Terribly Beautiful: Industrial Pollution Seen From Above

J Henry Fair
J Henry Fair
Fort McMurray, Alberta, Canada
A containment pond holds tar sands tailings, consisting of a mixture of sand, water, and toxic chemicals that remain after the unrefined oil products have been extracted.

J Henry Fair’s aerial photographs of industrial pollution defy categorization by contrasting striking, often abstract, beauty with frightening realizations about the true costs of our heavily industrialized society. PowerHouse has just published some of the work in Fair’s first book, The Day After Tomorrow: Images of Our Earth in Crisis.

While his primary goal was to make aesthetically pleasing photographs, Fair aims to exploit that attractiveness for his unabashedly activist mission, explicitly stating his intention that “the viewer will come away with an innate understanding of [his or] her complicity and a will to make a difference.” The images in the book are complemented by a handful of essays written by prominent authors, scientists, and environmentalists, including climate scientist James Hansen.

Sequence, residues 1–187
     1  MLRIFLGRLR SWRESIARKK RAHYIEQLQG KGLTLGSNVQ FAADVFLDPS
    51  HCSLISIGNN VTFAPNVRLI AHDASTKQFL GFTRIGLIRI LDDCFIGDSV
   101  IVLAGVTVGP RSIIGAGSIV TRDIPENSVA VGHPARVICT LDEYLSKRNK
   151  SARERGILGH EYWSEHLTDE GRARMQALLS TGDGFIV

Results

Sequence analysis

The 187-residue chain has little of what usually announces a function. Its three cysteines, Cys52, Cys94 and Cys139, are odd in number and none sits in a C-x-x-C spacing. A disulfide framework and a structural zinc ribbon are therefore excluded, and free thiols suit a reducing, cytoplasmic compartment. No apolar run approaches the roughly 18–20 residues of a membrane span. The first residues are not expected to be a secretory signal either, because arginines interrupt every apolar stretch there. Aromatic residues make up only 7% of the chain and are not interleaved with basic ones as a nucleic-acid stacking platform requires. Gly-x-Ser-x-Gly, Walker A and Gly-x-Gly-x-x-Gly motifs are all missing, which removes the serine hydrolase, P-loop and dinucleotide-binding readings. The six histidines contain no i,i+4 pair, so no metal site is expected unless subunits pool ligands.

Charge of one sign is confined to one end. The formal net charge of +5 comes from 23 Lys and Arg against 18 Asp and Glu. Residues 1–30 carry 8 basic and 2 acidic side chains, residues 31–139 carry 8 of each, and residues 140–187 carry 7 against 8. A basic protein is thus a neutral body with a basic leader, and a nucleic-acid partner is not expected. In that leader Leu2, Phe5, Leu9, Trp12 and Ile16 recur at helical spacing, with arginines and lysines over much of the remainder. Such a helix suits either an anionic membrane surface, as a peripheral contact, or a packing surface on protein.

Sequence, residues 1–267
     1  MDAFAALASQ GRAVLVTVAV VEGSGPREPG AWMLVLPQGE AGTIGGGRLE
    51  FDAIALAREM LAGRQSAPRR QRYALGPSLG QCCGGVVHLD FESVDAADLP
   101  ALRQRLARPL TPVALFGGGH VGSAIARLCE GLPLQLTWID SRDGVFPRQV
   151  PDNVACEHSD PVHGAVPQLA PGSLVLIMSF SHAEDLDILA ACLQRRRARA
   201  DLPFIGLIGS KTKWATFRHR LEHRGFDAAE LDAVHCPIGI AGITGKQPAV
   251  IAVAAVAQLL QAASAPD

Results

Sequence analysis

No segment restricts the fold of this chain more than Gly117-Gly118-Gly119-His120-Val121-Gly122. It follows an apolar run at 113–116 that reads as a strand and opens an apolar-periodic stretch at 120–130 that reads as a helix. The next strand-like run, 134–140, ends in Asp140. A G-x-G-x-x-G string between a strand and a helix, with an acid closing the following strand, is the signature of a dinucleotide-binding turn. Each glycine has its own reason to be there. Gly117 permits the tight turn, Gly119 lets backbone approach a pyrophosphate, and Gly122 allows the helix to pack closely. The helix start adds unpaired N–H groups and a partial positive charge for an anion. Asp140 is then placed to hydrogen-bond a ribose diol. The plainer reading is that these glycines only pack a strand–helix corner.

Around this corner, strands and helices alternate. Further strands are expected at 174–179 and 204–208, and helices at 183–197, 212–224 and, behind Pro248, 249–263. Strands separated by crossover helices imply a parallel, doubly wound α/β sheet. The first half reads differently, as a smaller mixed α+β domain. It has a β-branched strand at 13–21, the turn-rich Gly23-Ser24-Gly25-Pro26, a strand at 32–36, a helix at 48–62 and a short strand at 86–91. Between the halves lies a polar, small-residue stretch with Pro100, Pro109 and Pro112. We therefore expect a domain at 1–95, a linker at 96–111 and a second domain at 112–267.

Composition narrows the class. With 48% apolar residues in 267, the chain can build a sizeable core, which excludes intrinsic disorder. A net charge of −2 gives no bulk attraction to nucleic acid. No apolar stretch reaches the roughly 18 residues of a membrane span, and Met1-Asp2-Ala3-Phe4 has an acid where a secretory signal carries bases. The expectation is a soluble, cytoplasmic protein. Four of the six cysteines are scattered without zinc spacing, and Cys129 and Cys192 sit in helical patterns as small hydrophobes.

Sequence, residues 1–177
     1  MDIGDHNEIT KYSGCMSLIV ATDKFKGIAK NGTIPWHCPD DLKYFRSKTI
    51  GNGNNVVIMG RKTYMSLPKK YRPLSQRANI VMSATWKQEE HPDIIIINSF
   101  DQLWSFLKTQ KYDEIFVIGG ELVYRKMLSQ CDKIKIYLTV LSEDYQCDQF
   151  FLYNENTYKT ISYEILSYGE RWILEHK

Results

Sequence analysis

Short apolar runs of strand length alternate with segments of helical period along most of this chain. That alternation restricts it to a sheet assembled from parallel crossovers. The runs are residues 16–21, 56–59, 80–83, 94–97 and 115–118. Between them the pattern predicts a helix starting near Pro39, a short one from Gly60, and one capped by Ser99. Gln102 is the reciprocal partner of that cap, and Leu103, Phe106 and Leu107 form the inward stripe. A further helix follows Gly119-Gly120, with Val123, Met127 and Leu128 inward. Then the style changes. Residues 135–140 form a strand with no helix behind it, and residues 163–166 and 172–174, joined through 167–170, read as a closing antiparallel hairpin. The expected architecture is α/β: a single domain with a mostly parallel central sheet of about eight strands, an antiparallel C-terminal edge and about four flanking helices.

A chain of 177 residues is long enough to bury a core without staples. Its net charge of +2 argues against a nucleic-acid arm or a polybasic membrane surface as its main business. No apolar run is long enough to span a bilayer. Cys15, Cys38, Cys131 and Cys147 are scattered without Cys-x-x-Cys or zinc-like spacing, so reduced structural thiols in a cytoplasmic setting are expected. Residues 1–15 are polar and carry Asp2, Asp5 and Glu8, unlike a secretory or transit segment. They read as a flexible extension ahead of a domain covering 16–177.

Traveling from Canada down to the Gulf of Mexico, and to many locations in between, Fair relies on complementary charter flights from two volunteer-based environmental aviation organizations, Lighthawk and Southwings, to make his signature images. From their small aircraft he is able to get close enough — but not too close — to the toxic processes and wastes associated with the extraction and production of oil, gas, coal, aluminum, fertilizers, paper, refrigerants, and more.

At the end of this week, Fair’s work on fossil fuels will also be exhibited in Landscapes of Extraction: The Collateral Damage of the Fossil Fuels Industries, part of a three-day Earth Day event at Grand Central Terminal in New York City.

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